Intel® Parallel Computing Center at Princeton University, Princeton Neuroscience Institute and Computer Science Dept.

Published: 07/31/2015, Last Updated: 11/28/2017

Princeton University

Principal Investigators:

Princeton - Kai Li

Kai Li is a professor at Computer Science Department of Princeton University. He pioneered Distributed Shared Memory allowing shared-memory programming on clusters of computers, which one the ACM SIGOPS Hall of Fame Award and proposed user-level DMA which evolved into RDMA in the Infiniband standard. He led the PARSEC project which became the de factor benchmark for multicore processors. He recently co-led the ImageNet project and propelled the advancement of deep learning methods. He co-founded Data Domain, Inc. (now an EMC division) and led the innovation of deduplication storage system products to displace tape automation market. He is an ACM fellow, IEEE fellow and a member of National Academy of Engineering.

Princeton - Sebastian Seung

Sebastian Seung is Professor at the Princeton Neuroscience Institute and Department of Computer Science. Over the past decade, he has helped pioneer the new field of connectomics, developing new computational technologies for mapping the connections between neurons. His lab created, a site that has recruited 200,000 players from 150 countries to a game to map neural connections. His book Connectome: How the Brain's Wiring Makes Us Who We Are was chosen by the Wall Street Journal as Top Ten Nonfiction of 2012. Before joining the Princeton faculty in 2014, Seung studied at Harvard University, worked at Bell Laboratories, and taught at the Massachusetts Institute of Technology.


Over the past few years, convolutional neural networks (rebranded as “deep learning”) have become the leading approach to big data. In order to perform well, deep learning requires large amount of training data and substantial amount of computing power for training and classification. Most deep learning implementations use GPUs instead of general-purpose CPUs because the conventional wisdom is that a GPU is an order-of-magnitude faster than a CPU for deep learning at a similar cost. As a result, the machine learning community as well as vendors have invested a lot of efforts to develop deep learning packages.

Intel® Xeon Phi™ coprocessors, based on Many-Integrated-Core (MIC) architecture, offer an alternative to GPUs for deep learning, because its peak floating-point performance and cost are on par with a GPU, while offering several advantages such as easy to program, binary compatible with host processor, and direct access to large host memory. However, it is still challenging to fully take advantage of the hardware capabilities. It requires running many threads in parallel (e.g. 240+ threads for 60+ cores), executing 16 floating point operations in parallel (for AVX-512), and reducing the working set for each thread (128KB L2 cache per thread).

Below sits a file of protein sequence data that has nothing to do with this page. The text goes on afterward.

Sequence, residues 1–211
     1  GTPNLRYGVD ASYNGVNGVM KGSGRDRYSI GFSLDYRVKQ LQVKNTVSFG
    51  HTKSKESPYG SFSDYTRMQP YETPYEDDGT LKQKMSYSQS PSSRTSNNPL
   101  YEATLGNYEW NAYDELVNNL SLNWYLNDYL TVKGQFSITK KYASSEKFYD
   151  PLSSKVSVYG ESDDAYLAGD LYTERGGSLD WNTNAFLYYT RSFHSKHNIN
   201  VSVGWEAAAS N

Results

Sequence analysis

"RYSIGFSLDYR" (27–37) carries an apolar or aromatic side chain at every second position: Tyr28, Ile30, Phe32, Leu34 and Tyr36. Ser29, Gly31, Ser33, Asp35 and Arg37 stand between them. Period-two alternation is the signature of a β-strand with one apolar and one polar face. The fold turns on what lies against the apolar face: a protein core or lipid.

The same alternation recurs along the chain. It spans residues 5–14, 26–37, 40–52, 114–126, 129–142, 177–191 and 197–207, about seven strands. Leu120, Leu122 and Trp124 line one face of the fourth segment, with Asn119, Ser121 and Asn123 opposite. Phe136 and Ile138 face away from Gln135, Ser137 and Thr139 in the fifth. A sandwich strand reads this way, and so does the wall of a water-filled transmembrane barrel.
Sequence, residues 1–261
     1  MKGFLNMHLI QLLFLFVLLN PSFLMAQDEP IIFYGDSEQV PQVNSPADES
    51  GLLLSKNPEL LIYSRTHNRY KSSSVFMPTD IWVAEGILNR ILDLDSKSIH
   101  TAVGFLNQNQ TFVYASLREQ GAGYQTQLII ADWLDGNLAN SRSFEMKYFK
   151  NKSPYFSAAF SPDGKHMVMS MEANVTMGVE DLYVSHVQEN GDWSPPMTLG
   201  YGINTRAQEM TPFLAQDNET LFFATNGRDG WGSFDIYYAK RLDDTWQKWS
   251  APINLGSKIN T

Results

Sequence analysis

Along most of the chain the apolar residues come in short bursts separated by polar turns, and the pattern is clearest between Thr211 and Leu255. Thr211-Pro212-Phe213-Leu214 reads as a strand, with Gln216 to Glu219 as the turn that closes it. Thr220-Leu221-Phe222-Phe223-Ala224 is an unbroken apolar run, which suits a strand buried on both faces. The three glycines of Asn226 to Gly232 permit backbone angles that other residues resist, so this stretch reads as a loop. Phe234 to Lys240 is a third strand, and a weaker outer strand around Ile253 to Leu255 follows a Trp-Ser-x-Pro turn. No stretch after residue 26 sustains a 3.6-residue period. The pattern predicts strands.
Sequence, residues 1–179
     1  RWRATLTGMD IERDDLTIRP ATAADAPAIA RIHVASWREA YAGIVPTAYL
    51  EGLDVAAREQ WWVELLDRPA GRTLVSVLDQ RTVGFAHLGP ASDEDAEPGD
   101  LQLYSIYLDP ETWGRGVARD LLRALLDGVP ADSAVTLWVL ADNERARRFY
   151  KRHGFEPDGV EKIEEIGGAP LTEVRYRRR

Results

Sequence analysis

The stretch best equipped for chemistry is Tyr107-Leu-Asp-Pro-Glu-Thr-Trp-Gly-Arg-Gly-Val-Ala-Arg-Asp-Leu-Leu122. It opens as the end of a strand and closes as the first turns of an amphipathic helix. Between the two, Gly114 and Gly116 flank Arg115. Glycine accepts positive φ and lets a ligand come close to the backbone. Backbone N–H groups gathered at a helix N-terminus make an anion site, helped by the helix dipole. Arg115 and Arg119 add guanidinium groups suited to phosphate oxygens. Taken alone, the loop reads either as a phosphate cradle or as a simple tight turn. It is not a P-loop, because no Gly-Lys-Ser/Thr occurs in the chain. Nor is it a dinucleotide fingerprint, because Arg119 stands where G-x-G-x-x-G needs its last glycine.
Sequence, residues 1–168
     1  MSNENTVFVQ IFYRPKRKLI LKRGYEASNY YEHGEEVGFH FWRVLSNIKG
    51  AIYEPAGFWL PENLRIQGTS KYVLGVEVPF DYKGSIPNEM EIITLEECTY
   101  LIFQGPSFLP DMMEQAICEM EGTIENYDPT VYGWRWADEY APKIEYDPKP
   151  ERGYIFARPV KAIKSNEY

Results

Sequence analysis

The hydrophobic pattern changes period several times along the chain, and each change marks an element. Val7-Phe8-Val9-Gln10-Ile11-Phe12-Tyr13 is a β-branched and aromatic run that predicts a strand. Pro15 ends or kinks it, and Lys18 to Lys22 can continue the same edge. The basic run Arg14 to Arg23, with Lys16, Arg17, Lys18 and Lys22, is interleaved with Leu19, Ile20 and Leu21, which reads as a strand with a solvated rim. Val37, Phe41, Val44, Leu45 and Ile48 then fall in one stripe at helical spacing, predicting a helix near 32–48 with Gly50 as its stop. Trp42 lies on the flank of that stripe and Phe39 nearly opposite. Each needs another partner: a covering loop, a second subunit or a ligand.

This center will develop an efficient deep learning package for Intel Xeon Phi coprocessor. The project is built on Sebastian Seung’s lab’s work on ZNN, a deep learning package ( based on two key concepts, both of which leverage the advantages of CPUs. (1) FFT-based convolution becomes more efficient when FFTs are cached and reused. This trades memory for speed, and is therefore appropriate for the larger working memory of CPUs. (2) Task parallelism on CPUs can make more efficient use of computing resources than SIMD parallelism on GPUs. Our preliminary results with ZNN are encouraging. We have shown that CPUs can be competitive with GPUs in speed of deep learning, for certain network architectures. Furthermore, an initial port to Intel Xeon Phi coprocessor (Knights Corner) was done quickly, supporting the idea that CPU implementations are likely to incur relatively low development cost.

The proposed optimizations for the future Intel Xeon Phi processor family include trading memory space for computation (transforming convolution networks to reusable FFTs), intelligently choosing direct vs. FFT-based convolution for each layer of the network, choosing the right flavor of task parallelism, intelligent tiling to optimize L2 cache performance, and careful data structure layouts to maximize the utilization of AVX-512 vector units. We will carefully evaluate the deep learning package with 2D ImageNet dataset, 3D electron microscopy image dataset, and 4D fMRI dataset. We plan to deploy the software package and datasets in the public domain.


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